Today, the Palmetto State’s supreme court decided that the Diocese of South Carolina—which contains about 50 churches and 20,000 parishioners and is now part of the Anglican Church in North America (ACNA)—does not get to keep about $500 million worth of historic church properties that it claimed in the split.

The ruling declares that 29 local parishes cannot take their properties with them and must return them to the Episcopal Church. However, the breakaway diocese can continue to use its name, seal, and symbols.

A lower court decision in 2015 granted the conservative Anglicans “all their property, including churches, symbols, and other assets,” worth half a billion dollars. That same year, the breakaway diocese rejected an Episcopal attempt to settle the dispute by basically letting the conservatives keep their physical properties in return for giving up their intellectual property. They refused.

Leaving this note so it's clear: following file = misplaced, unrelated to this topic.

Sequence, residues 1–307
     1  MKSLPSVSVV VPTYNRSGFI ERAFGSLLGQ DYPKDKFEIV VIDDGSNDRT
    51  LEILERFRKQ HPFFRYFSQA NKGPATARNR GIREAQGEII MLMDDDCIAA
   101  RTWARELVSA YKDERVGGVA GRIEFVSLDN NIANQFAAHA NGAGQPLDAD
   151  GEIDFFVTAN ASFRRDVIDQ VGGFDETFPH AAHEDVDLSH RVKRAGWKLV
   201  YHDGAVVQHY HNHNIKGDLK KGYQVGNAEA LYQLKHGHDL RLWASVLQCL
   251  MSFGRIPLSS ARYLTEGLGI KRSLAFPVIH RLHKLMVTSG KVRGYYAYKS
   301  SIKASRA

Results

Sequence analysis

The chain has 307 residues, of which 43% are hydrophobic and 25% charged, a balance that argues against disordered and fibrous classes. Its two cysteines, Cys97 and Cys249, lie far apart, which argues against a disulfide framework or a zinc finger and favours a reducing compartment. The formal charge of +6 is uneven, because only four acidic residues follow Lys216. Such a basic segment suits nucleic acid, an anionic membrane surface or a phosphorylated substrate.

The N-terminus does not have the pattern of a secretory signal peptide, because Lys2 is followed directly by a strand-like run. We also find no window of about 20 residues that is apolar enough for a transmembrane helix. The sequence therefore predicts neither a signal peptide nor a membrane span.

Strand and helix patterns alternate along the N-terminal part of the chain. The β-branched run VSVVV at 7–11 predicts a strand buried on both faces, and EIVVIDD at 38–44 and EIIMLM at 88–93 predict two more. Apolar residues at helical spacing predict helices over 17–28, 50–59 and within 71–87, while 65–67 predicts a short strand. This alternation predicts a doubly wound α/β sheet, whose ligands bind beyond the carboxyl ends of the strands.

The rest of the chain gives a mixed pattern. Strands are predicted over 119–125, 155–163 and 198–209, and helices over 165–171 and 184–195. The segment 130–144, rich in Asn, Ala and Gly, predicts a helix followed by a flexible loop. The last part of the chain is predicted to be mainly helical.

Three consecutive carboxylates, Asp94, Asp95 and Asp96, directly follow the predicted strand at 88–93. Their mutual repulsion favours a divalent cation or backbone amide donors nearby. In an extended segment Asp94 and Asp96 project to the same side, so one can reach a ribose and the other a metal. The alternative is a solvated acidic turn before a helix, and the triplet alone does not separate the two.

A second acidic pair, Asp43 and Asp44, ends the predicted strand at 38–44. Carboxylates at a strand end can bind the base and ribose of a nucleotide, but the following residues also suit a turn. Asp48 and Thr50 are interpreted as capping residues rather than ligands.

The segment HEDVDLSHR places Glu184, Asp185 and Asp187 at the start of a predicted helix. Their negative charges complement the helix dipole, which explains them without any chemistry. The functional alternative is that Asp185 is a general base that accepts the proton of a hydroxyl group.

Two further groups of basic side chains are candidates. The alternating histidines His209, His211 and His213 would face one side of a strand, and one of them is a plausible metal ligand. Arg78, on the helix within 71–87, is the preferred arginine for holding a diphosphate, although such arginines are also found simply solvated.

More here-

Rafael L. Morales Maldonado consecrated bishop of Puerto Rico

From ENS-

The Rt. Rev. Rafael L. Morales Maldonado was ordained and consecrated the seventh bishop of the Diocese of Puerto Rico on July 22 during a Eucharist celebrated at the Pedro Rosselló Convention Center in San Juan. 

A native of Puerto Rico, Morales lives in Toa Alta and is the second Puerto Rican to be elected bishop of the diocese.

Twelve hundred people attended the event, including ecumenical guests, government representatives and Episcopalians representing parishes throughout the island.